The family-friendly Kingswood pub saved from being turned into flats - Mark Taylor reviews The Rose & Crown

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The old skittle alley is now being transformed into a restaurant

“I’ll have a pink G&T - actually make that a double,” said the cheery chap on the high bar stool at the Rose & Crown.

A surprising request, perhaps, for 11.45am on a Wednesday, and even more so in a neighbourhood pub on Kingswood’s Two Mile Hill Road.

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Already nursing a pint at a nearby table, I’m the last person to judge anybody taking refreshment before midday but I was already warming to the bonhomie of this recently reopened pub.

A few minutes later, another man, possibly a student, entered the pub and ordered a coffee and piece of rocky road from the selection of cakes at the end of the bar.

Closed and in disrepair for over a year, there was a strong possibility that the Rose & Crown would end up being turned into flats by developers like so many local pubs.

That was until Christopher Williams (a former manager of The White Horse in Hambrook) and Ben Dossett bought it and gave the handsome red-brick Victorian building a complete makeover.

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The smart new interior of the Rose & Crown in KingswoodThe smart new interior of the Rose & Crown in Kingswood
The smart new interior of the Rose & Crown in Kingswood

The Rose & Crown reopened in July and, by all accounts, it has been an immediate hit with the locals. The owners have managed to attract a mix of the pub’s old regulars as well as local families thanks to the spacious bar and enclosed garden.

In a few weeks, the old skittle alley will reopen as the pub’s restaurant, serving a full menu throughout the day.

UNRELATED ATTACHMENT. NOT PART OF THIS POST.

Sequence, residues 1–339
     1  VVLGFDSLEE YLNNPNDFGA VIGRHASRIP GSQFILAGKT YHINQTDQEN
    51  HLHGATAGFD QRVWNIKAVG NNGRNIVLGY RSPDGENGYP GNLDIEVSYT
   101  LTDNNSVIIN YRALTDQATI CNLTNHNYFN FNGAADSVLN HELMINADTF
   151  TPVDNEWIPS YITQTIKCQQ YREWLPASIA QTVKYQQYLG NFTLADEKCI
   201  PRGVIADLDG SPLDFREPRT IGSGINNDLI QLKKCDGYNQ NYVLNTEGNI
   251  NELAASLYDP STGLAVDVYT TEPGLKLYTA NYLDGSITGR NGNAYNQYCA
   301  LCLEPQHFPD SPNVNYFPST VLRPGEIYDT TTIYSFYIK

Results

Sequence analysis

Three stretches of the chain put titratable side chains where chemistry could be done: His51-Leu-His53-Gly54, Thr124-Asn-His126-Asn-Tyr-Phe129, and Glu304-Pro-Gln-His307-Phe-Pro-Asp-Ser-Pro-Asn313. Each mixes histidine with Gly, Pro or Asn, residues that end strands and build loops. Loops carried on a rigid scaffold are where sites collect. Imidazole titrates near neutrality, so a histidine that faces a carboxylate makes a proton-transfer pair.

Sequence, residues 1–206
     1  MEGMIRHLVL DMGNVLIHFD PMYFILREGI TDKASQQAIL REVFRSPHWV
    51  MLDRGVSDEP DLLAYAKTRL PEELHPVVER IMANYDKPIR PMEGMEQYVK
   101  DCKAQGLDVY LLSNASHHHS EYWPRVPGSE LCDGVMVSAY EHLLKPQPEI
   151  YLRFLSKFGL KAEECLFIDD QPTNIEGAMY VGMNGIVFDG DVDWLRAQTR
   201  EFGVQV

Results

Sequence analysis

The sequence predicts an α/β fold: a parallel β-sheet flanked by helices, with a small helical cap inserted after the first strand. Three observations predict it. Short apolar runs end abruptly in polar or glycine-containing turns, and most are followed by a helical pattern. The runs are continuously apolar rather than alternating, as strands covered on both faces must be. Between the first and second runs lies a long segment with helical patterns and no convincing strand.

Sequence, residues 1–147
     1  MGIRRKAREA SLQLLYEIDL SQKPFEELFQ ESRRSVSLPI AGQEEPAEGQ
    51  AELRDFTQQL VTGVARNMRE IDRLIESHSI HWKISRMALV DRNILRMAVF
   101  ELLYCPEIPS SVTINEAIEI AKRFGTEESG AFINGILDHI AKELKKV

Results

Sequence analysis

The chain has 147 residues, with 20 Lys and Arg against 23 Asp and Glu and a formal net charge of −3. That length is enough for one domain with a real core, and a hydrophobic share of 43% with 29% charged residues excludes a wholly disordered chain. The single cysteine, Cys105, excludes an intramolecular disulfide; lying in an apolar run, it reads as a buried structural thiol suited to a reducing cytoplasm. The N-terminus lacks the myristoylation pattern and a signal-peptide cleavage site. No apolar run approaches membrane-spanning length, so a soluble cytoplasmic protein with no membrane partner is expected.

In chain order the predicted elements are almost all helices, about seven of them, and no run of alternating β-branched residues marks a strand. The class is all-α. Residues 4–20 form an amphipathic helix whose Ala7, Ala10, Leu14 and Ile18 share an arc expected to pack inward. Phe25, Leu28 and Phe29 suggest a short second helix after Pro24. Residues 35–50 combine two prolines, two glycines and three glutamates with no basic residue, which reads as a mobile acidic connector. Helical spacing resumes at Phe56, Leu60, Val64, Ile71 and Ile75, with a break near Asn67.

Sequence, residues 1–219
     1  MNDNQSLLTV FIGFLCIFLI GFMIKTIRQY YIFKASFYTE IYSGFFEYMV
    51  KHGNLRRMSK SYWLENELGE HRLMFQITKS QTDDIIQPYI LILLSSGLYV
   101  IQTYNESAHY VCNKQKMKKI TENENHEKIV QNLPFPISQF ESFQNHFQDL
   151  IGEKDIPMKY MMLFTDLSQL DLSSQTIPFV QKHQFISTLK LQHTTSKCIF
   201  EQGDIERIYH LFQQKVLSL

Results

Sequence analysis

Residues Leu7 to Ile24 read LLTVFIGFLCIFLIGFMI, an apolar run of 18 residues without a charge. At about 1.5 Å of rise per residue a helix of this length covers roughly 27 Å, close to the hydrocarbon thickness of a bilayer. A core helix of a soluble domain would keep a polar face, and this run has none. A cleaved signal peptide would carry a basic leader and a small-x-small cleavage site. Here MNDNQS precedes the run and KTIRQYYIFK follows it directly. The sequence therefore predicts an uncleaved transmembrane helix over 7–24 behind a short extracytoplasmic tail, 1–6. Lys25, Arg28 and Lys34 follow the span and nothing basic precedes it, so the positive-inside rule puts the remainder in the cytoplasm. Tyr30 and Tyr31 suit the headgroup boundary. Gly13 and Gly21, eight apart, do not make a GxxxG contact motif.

The pub is already hosting events - a recent fundraiser for pancreatic cancer with the help of Feel the Funk Disco was well attended and they raised over £1,000 for the charity.

With its high ceilings, stripped wood floors, tweedy banquettes and posh foliage-print wallpaper, the light and airy bar is smart and modern but retains its Victorian grandeur.

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There are armchairs and a wood-burning stove at one end - it’s all very posh and wouldn’t look out of place in BS8.

A gender neutral sign on the door leading to the toilets might confuse a few of the old boys who still remember the pub from its spit and sawdust days.

Apart from Pipers crisps, cakes and pastries, there is no food available until the kitchen is finished and the restaurant opens.

Contemporary art mixes with traditional Victorian features at the pubContemporary art mixes with traditional Victorian features at the pub
Contemporary art mixes with traditional Victorian features at the pub

In the meantime, Kingswood folk are flocking to the pub for well-kept ales like Bristol Beer Factory Our House (a reasonable £4.20 a pint) and Butcombe Original.

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Also on draught is Wiper & True Amber Ale, Amstel, Birra Moretti, Inch’s cider, Red Stripe, Guinness and Beavertown Neck Oil.

Christopher says: “We have a great advantage by serving products that aren’t as readily available locally such as beers from Bristol breweries like Wiper & True and Bristol Beer Factory.

“The hardest part of the journey since opening has been all of the pitfalls and delays we’ve had in getting our kitchen and dining room ready to open.

“That’s something the locals have been following very closely, but we are getting there and it shouldn’t be long now.

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“We’ve already become quite a safe space for families, and individuals who would otherwise feel less comfortable in a traditional ‘spit and sawdust’ environment.”

Rose & Crown, 111 Two Mile Hill Road, Kingswood, Bristol, BS15 1BH.

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